2. Do not underestimate how long things take in ChinaWe Americans like to get things done fast. But China operates according to its own clock and sometimes you just have to back off and let things happen. Many Chinese companies are not primarily motivated by economic efficiency. Their goal may be employment for the local community, or to fill a quota, or to get the boss’s son a green card. If you are doing business in China, you must learn patience.
  3. Do not think you have a deal with a Chinese company until you have the deal. My firm’s China lawyers are always getting called by American companies wanting us to document a deal that never really existed. So many things can go wrong on a China-U.S. business deal. A Beijing-based American lawyer recently told me that around half of the deals on which he has worked “never closed due to cultural differences between the American and the Chinese sides.” If you add in another 20% or so for deals that fail to close because they cannot legally be done (though both parties thought that they could) or because the Chinese side found someone else (it is very common for Chinese companies to be negotiating with multiple companies at the same time) or just changed its mind, you can see why just doing deals can be so frustratingly difficult.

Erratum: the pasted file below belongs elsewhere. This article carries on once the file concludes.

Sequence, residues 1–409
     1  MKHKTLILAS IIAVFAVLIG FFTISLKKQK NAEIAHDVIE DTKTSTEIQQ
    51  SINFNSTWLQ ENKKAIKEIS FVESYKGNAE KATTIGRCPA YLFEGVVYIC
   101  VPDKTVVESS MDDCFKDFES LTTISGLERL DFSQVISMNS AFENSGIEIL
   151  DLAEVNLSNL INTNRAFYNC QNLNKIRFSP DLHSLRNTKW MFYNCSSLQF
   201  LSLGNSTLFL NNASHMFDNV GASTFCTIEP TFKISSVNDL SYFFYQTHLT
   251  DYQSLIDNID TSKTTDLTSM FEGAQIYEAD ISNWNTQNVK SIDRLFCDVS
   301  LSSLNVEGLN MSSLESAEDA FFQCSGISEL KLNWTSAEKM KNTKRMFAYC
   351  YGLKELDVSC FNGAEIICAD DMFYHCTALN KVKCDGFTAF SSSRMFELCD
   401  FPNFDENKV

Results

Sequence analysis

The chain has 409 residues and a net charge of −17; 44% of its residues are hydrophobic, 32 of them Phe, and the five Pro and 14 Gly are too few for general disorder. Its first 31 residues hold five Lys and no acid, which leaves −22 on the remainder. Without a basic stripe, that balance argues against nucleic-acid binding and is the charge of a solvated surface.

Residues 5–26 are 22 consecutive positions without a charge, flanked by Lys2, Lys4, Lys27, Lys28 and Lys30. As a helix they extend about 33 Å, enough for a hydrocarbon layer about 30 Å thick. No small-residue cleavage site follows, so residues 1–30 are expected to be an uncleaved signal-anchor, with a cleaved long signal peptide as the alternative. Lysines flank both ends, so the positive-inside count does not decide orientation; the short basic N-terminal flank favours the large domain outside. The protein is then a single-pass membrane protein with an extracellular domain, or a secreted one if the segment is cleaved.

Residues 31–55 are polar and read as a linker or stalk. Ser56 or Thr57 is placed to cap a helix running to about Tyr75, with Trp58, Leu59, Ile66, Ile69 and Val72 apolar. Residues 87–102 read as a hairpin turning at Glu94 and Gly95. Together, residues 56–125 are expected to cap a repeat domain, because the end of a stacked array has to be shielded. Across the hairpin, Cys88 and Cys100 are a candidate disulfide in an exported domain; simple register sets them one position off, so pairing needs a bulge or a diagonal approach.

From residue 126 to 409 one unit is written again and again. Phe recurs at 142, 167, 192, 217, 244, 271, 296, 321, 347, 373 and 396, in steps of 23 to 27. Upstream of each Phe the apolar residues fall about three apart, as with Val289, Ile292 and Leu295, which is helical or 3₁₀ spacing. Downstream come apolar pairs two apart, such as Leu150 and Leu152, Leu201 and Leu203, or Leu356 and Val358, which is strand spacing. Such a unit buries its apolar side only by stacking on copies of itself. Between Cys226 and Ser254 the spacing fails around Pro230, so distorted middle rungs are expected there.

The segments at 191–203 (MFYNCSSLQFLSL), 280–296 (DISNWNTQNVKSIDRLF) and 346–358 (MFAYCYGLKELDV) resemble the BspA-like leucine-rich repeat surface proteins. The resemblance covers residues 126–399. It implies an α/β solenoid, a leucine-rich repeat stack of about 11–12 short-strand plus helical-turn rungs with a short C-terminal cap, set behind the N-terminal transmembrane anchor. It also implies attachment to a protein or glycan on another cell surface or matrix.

4. Do not underestimate the difficulty in finding quality personnel for your China operationsFew Chinese professionals today understand what American companies need. They generally do not understand the level of detail, the idea of thoroughness, the standards and the expectations that American businesses take for granted. Chinese professionals tend to be reactive and will blindly follow directions even when they know the method employed is ineffective or counter-productive. Six months later when it turns out this was the wrong thing to do, your Chinese managers will tell you they knew this all along, but that they were just following your orders because “you’re the boss, and you said to do it.”